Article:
How to Talk to [Mamí & Papí] about Anything

When They Want a Wedding and Grandchildren, But You’re Not Ready

Episode Notes

Nathalie’s mother and grandmother want her to be happy. But their idea of happiness for her includes getting married and having kids—not at all what she wants for herself. But they bring it up all the time. And a writer dispels the myths around being single, and shares her advice for handling this particular type of family pressure.

Our expert this week is writer, speaker and creative professional Acamea Deadwiler. Learn more about her work here. If you loved this episode, be sure to listen to My Divorce, My Parents, And Me, and Telling Them I'm Moving In With Boyfriend.

We’d love to hear your stories of triumph and frustration so send us a detailed voice memo to hello@talktomamipapi.com. You might be on a future episode! Let’s connect on Twitter and Instagram at @TalkToMamiPapi and email us at hello@talktomamipapi.com. And subscribe on Apple Podcasts, Spotify and anywhere you listen to your favorite podcasts

 

Episode Transcription

Juleyka Lantigua-Williams:

Hi, everybody. Thanks for coming back. Hey, new listeners. Today, I’m speaking with Nathalie. She was raised by her Dominican mother and grandmother who love her and want her to be happy, of course, except that they have real specific ideas about exactly what Nathalie should do to be happy. Basically, they pressure her to get married and have children. Let’s get into it. . 

Nathalie Nieves:

My name is Nathalie Nieves and I’m an assignment editor with CBS News. I was born in Queens, New York. My mother is from the Dominican Republic and my dad is Guyanese. In my house, I call my parents mamí, which is my mother, and mama, who’s my grandmother, and I consider both of them my parents, because they raised me. Growing up, there’s such an emphasis on two-parent households, and I remember hearing that a lot as a kid and I was like, “Oh, if that’s all you need, then I have two parents easily.” My grandmother came from the Dominican Republic when I was about four in order to take care of me and help raise me, because my mom was working I think two jobs at the time. She was trying to finish an associate’s degree. My grandmother’s been with us ever since.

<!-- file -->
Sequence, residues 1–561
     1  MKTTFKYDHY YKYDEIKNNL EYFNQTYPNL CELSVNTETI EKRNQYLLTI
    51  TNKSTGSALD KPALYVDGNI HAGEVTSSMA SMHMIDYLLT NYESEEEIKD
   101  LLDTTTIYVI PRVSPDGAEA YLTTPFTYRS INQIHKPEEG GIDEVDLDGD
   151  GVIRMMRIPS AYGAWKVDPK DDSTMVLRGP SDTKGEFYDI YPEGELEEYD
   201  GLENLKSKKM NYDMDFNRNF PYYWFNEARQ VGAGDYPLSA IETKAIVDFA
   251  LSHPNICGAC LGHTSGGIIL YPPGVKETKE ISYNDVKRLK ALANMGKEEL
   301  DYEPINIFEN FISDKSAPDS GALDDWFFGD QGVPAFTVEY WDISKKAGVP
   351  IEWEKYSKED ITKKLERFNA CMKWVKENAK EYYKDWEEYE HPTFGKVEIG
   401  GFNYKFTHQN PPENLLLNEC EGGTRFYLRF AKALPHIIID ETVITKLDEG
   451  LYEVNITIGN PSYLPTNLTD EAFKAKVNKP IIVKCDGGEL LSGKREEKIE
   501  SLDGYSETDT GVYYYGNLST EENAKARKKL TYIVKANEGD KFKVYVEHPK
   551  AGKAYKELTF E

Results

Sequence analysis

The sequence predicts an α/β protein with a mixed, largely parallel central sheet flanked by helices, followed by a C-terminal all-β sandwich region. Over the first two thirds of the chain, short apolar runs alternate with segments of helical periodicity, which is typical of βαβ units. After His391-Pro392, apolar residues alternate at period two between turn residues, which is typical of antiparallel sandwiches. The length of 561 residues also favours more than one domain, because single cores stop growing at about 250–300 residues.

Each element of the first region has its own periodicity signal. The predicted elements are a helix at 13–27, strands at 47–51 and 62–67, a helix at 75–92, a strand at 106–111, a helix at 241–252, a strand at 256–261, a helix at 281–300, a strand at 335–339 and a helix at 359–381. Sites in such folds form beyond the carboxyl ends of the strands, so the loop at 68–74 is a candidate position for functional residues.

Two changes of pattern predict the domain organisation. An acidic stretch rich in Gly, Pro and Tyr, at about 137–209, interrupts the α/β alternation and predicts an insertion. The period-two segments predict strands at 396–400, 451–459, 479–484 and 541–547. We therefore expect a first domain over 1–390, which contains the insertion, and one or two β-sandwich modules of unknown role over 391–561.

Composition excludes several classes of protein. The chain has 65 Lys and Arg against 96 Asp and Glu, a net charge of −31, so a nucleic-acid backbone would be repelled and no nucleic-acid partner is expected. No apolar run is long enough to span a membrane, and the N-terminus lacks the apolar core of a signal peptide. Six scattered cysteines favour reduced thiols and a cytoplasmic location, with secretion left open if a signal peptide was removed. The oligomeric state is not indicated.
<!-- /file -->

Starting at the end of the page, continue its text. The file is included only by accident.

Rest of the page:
As I’ve gotten older and kind of grown into my own adulthood, womanhood, whatever that means to me, it’s very different from what my mother had envisioned, and what she was taught, and she learned, and what she’s trying to pass down to me. In her checklist, what’s next for me is marriage, and kids, which is really funny, because lately all that they’ve been talking about, my mom and my grandmother, is that the world is ending, that these are biblical times, and I take the opportunity. I’m like, “Well, this is no time to be having children.” And they’re like, “Well, no, not necessarily. I think you can still have your kids.” And I’m like, “That doesn’t jive in my head.” 

It’s not something that I’m focused on right now, and I think that it’s so interesting with certain parents, because growing up, the example she set was to prioritize work and education, and so I’m a product of that. And now she sees that and it’s like, “No, no, no. But you also have to do XYZ in order to…” In her vision, I think to be fulfilled, like a fulfilled and happy human being. Because at the end of the day, she just wants to see me happy. It’s just not what I want right now at all. 

With my grandmother, for example, every New Year’s, every Christmas, every birthday, since the minute I turned 25 has been, “You know what I’m praying for. I’m praying for a husband and kids. This is what I want.” And at my 30th birthday it was like an outdoor gathering to respect COVID and social distancing guidelines, and everybody was giving little speeches, which is really sweet. I have a large, really super tight Dominican family, so everybody’s just like blessings, and et cetera, et cetera, and my grandma said, “Nathalie knows I want her to be married.”